CARBONDALE, Illinois — In a former dermatologist’s office in this small Southern Illinois town, the first health care facility to offer abortions in decades opened quietly on Tuesday – accompanied by a small handful of opponents holding protest signs outside.
The CHOICES Center for Reproductive Health is one of at least two abortion clinics moving into 21,700-resident Carbondale, a Midwest college town thrust into the spotlight amid expectations it will serve as a key oasis of access for what abortion rights advocates say are the growing U.S. “abortion deserts” clustered in the Midwest and South.
Carbondale will be home to Illinois’ southernmost clinics. Already, a Planned Parenthood clinic 80 miles to the northwest is seeing skyrocketing demand amid state bans following the Supreme Court’s reversal of the federal right to abortion.
“Carbondale, geographically, is the closest point of access for hundreds of thousands of women throughout the South. That’s what makes it so important,” Jennifer Pepper, the chief executive officer of CHOICES, told USA TODAY on Tuesday.
MORE FROM ILLINOIS:Planned Parenthood to launch mobile abortion clinic
The city, a largely progressive town home to Southern Illinois University but tucked into a more conservative and rural part of the abortion-rights state, is just one place where the shifting map of post-Roe abortion access is unfolding to both support and opposition.
Anti-abortion activists are in the midst of a 40-day protest, sending several opponents to spent part of each day outside the clinic. Organizers vow to fight them by spending money on everything from billboard advertising to expanding a pregnancy center that seeks to steer women away from abortion.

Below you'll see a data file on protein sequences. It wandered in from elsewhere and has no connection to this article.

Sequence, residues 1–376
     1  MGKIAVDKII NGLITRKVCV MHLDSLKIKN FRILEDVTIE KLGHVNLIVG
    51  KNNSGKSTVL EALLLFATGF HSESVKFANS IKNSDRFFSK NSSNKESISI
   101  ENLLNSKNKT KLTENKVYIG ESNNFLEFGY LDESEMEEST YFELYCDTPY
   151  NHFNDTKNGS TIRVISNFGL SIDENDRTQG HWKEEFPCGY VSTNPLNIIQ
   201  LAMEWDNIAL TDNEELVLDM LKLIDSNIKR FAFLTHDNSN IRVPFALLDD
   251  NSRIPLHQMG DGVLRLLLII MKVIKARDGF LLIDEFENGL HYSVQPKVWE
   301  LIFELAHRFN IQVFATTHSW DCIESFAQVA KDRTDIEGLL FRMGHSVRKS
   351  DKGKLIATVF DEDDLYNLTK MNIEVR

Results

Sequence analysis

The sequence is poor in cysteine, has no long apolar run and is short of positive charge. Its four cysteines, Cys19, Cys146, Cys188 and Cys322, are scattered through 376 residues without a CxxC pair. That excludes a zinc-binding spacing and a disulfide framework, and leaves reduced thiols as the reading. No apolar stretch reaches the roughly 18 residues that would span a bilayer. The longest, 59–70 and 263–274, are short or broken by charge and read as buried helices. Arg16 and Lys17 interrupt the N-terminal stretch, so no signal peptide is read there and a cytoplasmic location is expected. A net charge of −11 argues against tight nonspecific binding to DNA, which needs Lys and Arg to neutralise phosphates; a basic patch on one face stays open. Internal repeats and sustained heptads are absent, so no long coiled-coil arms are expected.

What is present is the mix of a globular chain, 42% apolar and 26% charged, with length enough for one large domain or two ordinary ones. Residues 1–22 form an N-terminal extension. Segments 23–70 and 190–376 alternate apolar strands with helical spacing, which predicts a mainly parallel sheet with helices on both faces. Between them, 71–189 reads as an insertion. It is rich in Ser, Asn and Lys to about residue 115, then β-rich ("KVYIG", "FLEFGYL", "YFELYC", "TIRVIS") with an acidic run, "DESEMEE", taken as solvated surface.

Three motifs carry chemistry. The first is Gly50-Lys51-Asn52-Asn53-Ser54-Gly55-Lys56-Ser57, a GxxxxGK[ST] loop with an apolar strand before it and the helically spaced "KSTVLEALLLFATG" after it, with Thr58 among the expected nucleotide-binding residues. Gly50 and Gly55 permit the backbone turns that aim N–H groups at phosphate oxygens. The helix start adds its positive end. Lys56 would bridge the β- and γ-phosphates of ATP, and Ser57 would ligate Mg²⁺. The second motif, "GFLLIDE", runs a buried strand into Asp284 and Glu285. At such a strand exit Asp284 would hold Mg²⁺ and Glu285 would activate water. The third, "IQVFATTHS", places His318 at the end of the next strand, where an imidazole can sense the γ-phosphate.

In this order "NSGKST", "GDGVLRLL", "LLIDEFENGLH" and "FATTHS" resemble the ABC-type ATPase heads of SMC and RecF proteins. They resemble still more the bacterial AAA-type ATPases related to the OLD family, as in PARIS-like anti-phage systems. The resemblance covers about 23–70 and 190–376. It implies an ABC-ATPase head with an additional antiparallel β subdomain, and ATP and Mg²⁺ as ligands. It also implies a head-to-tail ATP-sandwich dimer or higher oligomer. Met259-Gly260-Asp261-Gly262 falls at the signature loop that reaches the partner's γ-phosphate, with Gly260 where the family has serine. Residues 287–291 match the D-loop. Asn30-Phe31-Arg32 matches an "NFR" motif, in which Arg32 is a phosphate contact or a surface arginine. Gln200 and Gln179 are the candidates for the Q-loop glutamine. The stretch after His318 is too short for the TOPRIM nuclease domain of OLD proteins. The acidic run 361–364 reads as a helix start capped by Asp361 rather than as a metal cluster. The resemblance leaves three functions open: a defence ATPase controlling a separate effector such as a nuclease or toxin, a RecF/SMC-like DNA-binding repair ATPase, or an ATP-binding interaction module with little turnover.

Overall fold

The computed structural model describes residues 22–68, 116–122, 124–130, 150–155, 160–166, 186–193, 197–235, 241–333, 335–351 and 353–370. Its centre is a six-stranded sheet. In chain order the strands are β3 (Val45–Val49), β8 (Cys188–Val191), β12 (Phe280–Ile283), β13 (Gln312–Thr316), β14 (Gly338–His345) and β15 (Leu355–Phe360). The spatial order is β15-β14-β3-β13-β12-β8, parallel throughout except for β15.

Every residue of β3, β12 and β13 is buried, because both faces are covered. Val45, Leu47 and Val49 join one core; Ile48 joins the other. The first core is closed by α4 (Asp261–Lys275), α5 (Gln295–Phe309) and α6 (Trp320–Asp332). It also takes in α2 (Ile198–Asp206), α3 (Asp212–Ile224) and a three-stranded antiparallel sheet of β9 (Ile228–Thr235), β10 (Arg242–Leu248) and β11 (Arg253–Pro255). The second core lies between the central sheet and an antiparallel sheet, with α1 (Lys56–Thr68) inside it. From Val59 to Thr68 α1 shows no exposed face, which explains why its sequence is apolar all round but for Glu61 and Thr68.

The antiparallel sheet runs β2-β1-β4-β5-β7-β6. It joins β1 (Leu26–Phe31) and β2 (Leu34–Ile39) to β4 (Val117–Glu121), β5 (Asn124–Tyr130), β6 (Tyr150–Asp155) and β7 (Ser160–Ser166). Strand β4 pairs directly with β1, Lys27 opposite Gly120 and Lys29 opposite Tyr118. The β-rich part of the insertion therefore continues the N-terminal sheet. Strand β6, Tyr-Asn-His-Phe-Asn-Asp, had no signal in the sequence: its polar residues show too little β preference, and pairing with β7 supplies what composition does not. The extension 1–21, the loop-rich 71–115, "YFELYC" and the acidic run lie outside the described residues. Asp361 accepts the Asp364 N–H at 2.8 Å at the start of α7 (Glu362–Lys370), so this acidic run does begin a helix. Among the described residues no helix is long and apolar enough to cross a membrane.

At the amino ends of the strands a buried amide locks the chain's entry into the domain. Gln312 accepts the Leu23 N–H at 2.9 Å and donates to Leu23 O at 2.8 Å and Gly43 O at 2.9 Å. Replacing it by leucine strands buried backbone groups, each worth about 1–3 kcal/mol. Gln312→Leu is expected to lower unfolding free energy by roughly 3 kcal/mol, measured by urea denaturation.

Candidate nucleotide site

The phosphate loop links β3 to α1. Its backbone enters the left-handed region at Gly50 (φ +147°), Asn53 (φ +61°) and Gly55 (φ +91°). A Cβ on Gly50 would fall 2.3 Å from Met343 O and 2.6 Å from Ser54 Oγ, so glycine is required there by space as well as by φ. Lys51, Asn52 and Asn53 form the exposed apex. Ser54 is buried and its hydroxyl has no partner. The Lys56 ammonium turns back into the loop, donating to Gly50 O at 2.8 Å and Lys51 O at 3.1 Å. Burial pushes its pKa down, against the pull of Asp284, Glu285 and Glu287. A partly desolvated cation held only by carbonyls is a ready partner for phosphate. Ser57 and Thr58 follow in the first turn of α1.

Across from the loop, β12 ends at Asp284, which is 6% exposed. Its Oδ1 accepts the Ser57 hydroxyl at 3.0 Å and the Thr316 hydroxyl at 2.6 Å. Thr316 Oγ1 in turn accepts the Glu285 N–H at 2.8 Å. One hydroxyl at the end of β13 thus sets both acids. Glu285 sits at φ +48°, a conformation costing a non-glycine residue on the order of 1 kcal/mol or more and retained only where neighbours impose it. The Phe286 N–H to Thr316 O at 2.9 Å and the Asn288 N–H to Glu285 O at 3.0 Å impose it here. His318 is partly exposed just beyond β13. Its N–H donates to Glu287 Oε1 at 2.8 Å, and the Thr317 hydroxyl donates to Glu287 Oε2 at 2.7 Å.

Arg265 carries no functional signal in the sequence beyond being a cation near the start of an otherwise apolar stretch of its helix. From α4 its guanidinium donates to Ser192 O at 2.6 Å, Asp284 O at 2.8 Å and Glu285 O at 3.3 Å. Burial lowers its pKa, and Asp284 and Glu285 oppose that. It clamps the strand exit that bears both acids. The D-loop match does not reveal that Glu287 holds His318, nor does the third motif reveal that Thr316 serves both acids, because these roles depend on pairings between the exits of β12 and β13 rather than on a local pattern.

“The people of Southern Illinois do not want abortion,” said Brian Westbrook, the director of St. Louis-based organization Coalition Life, which is helping organize opposition.
Since the high court overturned Roe v. Wade in June, at least 66 abortion clinics in 15 states have stopped offering abortion services, according to a recent report from the Guttmacher Institute, an organization that supports abortion rights and provides research and policy analysis on reproductive health issues.
Thirteen of the states – Alabama, Arizona, Arkansas, Idaho, Kentucky, Louisiana, Mississippi, Missouri, Oklahoma, South Dakota, Tennessee, Texas and West Virginia – have enacted near-total abortion bans since June, while providers in Wisconsin have suspended abortion services because of uncertainty about the enforceability of an 1849 ban. In Georgia, one clinic closed while 13 still offer abortion services during the first six weeks of pregnancy.
POST-ROE:Abortion bans from the 1800s became legal matters in these states
WHAT HAPPENS TO IVF? People struggling to conceive worry embryos are at risk
A total of 26 states are certain or likely to ban abortion by next summer, according to Guttmacher.
“I think access is going to continue to deteriorate over the next six months to a year,” Pepper said.
The two incoming clinics in Carbondale, where a hospital last halted elective abortions in the 1980s, are among those moving across state lines to continue their work.
CHOICES, which had to stop providing abortions in Tennessee, has in recent weeks worked to train staff and move equipment. But it spent months fostering local support. And most in town have so far welcomed them, Pepper said.